Friday, April 10, 2009
WASHINGTON (AFP) – Lawyers and judges working on Guantanamo Bay legal cases are showing signs of exasperation at President Barack Obama’s administration, which they accuse of slowing federal judicial procedures for detainees.
Two federal judges tasked with examining cases by five Guantanamo prisoners contesting their detention — a right to habeas corpus granted by the Supreme Court in June 2008 — have made a rare public row of their impatience with government prosecutors.
“Respondent’s counsel violated all three orders,” Judge Colleen Kollar-Kotelly wrote in an unusually harshly worded court document seen Wednesday.
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Kollar-Kotelly was referring to an earlier decision that a government lawyer should be removed from the case of four Kuwaitis held at the US military prison in southern Cuba because the attorney repeatedly missed deadlines.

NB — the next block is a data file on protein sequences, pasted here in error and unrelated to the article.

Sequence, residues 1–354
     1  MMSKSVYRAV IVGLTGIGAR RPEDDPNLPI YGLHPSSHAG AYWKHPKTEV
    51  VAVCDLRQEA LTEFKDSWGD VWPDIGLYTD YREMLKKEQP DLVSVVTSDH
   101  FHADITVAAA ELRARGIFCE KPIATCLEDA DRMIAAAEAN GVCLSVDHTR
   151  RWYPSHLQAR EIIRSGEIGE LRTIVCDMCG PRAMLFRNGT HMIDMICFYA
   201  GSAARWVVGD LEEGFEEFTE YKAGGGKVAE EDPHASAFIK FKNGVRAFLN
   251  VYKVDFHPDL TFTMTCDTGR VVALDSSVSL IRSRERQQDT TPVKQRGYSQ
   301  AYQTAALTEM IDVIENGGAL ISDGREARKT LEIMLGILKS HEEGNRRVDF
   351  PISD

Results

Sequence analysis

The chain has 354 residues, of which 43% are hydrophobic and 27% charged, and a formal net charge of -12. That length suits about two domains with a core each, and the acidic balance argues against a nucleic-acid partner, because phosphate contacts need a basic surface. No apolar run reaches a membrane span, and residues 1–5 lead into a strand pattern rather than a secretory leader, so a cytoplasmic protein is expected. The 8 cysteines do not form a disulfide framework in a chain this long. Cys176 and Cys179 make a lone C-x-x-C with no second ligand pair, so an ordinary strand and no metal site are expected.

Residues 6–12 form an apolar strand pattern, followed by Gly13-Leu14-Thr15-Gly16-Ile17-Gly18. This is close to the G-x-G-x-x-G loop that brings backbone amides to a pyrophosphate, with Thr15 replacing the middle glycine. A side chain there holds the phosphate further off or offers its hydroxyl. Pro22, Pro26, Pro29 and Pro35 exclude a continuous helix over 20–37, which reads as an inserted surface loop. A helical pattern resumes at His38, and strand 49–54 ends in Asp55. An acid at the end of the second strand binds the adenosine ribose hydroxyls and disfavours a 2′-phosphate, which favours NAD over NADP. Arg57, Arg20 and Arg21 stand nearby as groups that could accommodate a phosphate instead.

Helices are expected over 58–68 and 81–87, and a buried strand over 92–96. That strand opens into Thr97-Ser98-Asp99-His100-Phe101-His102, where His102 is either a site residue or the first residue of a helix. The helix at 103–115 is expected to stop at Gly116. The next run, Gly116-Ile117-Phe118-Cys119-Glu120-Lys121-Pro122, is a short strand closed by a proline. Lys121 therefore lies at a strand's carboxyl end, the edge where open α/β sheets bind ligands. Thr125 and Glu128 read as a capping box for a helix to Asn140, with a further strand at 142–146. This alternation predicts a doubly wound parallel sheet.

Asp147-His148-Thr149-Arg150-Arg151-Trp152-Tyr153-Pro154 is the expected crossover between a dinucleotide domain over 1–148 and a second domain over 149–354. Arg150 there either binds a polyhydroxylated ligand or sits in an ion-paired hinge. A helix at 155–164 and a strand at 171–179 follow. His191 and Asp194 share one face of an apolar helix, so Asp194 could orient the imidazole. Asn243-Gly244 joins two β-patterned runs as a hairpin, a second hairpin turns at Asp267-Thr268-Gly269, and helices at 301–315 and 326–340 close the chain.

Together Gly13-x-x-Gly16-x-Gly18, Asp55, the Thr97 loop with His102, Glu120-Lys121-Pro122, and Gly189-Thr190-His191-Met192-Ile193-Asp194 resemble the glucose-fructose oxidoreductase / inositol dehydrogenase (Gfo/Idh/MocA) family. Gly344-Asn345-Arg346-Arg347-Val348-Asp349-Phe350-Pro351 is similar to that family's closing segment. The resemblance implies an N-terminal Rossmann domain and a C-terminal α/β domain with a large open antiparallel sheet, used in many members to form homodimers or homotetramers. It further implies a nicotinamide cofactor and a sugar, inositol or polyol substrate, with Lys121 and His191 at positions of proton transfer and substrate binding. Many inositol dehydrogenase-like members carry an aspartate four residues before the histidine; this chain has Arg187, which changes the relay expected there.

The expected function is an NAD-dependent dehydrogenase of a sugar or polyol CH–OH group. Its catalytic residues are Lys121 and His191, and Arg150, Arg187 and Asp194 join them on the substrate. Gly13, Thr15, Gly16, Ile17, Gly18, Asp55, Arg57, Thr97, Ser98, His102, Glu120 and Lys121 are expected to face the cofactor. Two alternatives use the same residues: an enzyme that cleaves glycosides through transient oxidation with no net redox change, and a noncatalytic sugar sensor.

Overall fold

The lawyer’s “compliance was not optional,” she wrote, adding that the court “has serious concern about counsel’s ability to read and comprehend its orders.”
Another federal lawyer, Emmet Sullivan, expressed outrage at a hearing last week over prosecutors’ delay in providing unclassified documents to the defense in a Yemeni detainee’s case.
“To hide — and I don’t use that word loosely — to hide relevant and exculpatory evidence from counsel and from the court under any circumstance … is fundamentally unjust, outrageous and will not be tolerated,” he said, threatening to sanction the government.
Full story here.